A little over a week from now, I'm turning (to use Christie's phrase) "halfway to seventy", and all in all I'm okay with it. Something I used to think I'd have done by now are still left undone and things I'd hoped I'd be done with are still with me and likely always will be, but my life is full of wonderful surprises that I never would have thought could be mine, and I still feel, to steal one of my father's phrases (too old for original thought, I guess) that "every day is a net gain."

That being said, I'm not feeling very happy with my body right now. Yesterday morning, I tweaked my back putting on my shoes in exactly the same place that always hurts after a long day of canoeing, or when I've slept on the ground, and today it still hurts there, not again, but still, and it's actually getting worse, which sucks because my plans for the weekend involved not only two long days of canoeing, which is the best way in the world to see the fall colors in the ozarks, but also some sleeping on the ground, and I know that if I start out the weekend already hurt, I'm just doing to make myself worse, and come Sunday evening, I'd be in a body cast, and Christie would have to drag me up the stairs and prop me up in front of the TV so I could watch Extreme Makeover Home Edition, only this time I'd be thinking about whether Paul could come over and widen all our doors so that I could fit through them in my new body cast.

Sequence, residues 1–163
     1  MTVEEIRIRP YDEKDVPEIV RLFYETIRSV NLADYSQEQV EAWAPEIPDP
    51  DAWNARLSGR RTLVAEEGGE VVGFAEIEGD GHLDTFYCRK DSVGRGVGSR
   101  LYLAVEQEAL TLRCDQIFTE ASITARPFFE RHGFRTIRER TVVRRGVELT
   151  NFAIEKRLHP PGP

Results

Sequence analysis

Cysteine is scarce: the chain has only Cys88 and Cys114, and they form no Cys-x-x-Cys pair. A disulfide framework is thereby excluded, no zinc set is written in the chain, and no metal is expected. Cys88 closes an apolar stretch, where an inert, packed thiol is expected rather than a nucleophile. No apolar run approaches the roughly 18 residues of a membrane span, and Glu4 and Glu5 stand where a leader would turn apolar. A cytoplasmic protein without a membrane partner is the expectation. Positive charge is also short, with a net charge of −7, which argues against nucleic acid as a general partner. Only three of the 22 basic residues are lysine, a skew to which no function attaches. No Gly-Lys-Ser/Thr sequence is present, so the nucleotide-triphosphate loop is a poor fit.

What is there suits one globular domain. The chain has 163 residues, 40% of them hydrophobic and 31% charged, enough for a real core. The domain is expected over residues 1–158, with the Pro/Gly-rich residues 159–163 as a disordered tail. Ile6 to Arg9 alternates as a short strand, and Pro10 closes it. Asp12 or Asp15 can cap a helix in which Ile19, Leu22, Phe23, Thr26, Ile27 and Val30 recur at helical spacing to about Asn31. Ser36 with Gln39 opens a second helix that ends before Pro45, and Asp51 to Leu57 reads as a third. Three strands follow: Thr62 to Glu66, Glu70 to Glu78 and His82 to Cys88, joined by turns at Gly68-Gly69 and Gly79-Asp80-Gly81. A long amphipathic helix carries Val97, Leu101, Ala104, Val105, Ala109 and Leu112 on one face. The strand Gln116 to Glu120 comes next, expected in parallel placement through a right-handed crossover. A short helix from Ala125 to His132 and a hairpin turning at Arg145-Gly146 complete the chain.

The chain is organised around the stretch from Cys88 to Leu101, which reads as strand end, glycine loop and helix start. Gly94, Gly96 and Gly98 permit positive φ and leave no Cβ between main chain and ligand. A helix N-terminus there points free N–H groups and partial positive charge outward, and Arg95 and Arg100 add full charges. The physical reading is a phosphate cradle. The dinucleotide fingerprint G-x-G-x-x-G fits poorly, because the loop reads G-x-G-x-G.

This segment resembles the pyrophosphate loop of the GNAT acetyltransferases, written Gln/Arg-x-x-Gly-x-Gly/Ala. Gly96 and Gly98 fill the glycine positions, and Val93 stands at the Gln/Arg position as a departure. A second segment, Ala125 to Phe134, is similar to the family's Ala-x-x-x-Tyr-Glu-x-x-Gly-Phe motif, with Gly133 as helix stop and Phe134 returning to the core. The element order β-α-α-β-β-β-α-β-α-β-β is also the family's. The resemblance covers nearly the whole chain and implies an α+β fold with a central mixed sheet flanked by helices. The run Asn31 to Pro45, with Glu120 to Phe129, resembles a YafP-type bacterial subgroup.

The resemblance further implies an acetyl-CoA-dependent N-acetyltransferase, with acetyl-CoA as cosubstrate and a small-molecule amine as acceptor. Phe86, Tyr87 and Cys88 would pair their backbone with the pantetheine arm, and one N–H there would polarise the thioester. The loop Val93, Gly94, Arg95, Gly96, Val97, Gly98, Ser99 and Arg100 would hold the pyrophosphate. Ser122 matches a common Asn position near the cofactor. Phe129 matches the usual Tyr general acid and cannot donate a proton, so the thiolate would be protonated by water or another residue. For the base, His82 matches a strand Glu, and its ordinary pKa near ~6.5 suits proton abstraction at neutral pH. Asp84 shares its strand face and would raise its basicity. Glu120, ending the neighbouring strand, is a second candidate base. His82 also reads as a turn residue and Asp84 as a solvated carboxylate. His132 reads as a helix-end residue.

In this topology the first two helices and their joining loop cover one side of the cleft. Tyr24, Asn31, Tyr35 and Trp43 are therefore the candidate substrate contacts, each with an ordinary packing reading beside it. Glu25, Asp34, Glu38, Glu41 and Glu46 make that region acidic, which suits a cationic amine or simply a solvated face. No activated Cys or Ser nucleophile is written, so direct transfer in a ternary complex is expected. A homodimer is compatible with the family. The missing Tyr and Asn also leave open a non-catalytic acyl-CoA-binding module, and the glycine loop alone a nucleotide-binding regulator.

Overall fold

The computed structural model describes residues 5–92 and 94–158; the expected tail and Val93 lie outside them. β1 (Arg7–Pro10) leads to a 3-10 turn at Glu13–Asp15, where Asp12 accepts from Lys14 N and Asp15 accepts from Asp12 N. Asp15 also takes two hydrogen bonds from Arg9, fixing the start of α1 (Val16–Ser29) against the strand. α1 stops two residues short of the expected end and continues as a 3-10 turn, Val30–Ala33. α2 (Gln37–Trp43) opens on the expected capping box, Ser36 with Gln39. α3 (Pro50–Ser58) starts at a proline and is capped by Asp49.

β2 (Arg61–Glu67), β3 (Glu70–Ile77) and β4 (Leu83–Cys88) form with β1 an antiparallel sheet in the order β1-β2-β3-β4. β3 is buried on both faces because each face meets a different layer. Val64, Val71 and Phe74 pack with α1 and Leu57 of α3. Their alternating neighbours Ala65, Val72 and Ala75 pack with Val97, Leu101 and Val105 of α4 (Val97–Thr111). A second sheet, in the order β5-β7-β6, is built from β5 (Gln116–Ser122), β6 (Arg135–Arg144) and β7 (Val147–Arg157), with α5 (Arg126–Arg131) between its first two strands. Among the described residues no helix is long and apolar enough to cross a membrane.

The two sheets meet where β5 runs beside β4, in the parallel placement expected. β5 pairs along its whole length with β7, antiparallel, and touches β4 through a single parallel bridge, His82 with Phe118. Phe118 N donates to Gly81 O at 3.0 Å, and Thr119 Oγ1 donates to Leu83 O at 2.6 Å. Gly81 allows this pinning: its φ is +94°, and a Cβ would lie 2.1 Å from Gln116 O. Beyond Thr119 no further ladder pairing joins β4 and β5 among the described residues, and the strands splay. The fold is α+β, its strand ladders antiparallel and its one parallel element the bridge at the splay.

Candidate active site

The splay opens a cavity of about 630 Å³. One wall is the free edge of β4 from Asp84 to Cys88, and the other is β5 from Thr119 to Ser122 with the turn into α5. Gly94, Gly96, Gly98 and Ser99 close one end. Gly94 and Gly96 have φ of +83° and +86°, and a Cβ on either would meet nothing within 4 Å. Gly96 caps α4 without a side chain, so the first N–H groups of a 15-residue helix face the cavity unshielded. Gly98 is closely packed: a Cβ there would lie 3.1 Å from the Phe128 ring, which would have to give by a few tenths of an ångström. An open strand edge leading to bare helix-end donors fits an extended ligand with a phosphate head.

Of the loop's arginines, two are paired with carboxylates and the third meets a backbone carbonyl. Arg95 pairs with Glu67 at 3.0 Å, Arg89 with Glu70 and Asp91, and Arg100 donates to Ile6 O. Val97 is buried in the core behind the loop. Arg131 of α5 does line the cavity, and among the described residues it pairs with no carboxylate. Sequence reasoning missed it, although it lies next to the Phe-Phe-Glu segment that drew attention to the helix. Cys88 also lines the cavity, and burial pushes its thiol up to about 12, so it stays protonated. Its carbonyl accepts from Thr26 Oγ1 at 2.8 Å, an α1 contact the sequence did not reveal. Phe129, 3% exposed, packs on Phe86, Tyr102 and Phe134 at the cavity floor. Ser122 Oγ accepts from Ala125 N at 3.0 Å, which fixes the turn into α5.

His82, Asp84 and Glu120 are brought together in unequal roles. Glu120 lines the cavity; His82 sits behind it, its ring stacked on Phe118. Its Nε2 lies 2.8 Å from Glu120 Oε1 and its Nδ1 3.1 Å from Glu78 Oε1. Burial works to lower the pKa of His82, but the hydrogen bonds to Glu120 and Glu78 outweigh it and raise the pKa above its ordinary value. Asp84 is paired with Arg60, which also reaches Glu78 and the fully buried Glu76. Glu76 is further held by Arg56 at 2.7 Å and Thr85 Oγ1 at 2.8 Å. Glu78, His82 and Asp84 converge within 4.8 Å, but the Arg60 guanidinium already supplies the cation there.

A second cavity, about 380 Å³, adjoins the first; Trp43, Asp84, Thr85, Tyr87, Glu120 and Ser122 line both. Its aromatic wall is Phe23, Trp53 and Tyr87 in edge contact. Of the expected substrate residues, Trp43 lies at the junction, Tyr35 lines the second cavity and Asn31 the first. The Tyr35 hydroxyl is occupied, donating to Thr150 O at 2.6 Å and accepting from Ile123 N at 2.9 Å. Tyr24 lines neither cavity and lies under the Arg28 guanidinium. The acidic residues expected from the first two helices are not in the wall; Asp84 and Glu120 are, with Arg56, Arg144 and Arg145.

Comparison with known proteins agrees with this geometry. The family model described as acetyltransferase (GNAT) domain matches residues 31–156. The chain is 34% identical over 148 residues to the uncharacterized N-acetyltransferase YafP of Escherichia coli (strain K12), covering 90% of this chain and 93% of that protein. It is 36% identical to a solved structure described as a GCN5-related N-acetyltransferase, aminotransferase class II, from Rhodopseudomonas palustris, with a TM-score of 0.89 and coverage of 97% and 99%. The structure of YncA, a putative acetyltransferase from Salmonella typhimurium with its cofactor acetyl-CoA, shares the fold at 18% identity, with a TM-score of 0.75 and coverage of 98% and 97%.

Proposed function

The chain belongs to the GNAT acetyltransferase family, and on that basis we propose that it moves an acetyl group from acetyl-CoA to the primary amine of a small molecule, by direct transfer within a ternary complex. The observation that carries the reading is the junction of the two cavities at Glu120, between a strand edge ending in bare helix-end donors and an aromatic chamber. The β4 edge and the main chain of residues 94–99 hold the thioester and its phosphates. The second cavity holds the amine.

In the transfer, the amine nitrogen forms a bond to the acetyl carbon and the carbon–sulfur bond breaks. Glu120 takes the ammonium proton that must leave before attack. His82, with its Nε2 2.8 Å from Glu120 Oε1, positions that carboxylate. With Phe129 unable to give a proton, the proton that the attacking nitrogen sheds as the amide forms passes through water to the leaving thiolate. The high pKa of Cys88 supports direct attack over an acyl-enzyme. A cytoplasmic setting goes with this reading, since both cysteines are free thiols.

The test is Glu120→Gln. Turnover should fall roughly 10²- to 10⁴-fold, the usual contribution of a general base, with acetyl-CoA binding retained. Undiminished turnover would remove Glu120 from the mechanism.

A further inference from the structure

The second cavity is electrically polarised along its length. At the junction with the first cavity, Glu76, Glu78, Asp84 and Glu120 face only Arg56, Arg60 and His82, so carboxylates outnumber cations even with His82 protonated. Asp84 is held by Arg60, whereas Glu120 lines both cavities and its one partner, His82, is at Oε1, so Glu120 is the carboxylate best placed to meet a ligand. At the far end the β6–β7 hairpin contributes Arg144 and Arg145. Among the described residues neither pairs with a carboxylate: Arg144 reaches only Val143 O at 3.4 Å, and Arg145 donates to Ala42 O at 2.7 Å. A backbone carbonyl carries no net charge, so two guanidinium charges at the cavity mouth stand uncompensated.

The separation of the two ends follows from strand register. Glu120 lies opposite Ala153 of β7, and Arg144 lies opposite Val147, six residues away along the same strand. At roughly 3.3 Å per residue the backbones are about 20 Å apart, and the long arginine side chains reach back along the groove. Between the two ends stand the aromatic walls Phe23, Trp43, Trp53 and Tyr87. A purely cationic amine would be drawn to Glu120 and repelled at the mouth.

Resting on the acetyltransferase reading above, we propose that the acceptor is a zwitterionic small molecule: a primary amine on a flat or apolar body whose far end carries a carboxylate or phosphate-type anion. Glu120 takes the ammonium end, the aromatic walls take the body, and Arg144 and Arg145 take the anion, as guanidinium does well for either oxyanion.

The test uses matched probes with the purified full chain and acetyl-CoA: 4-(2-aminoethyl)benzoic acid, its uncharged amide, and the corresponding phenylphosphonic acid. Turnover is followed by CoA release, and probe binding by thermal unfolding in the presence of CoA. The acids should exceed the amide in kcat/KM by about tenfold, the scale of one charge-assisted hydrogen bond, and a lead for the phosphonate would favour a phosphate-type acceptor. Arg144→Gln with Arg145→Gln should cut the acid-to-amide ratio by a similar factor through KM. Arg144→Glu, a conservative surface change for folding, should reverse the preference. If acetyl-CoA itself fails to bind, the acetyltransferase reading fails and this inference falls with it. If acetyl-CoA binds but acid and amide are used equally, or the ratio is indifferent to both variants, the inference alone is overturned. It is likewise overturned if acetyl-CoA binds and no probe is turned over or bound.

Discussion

Except that Christie's sick, which means she wouldn't have the energy to drag me up the stairs, so no canoeing trip this weekend. And suddenly, I'm feeling like a seven-year-old stuck in the body of a fifty-year-old, and I want to whine about the unfairness of it all and throw myself around and stamp my foot, except I'm sort of afraid I'd hurt myself in the process.

Also, I went to the dentist yesterday and it was one of those, "Well, at your age..." kind of experience. I spent my whole youth worrying about a receding hairline, and now they tell me I have a receding gumline, which I didn't even know was on the menu. I feel very unprepared for getting older.

Wednesday, October 26, 2005

The case of the 500-mile email. Via Accordion Guy.
This is brilliant: Woodworking Tip: Table Saw Storage
The Problem with Missouri Town Names
Her: Wait, I'm confused. I'm supposed to keep going? But I just drove through Independence!

Me: Yeah, but you're going to Liberty.

Her: Well, you can see why I got confused.

Tuesday, October 25, 2005

This is really annoying. Salon's started a new blog on women's issues, called Broadsheet. For the most part, it's fun, funny, and smart. But then there's this entry on Gordon Ramsay. The chef travelled around the country (not sure if it was the US or Britain), and said this: "I have been visiting ladies' houses up and down the country with our film crew and you would be amazed how little cooking the girls are doing. When they eat, they cheat -- it is ready meals and pre- prepared meals all the way...Seriously, there are huge numbers of young women out there who know how to mix cocktails but can't cook to save their lives, whereas men are finding their way into the kitchen in ever-growing numbers."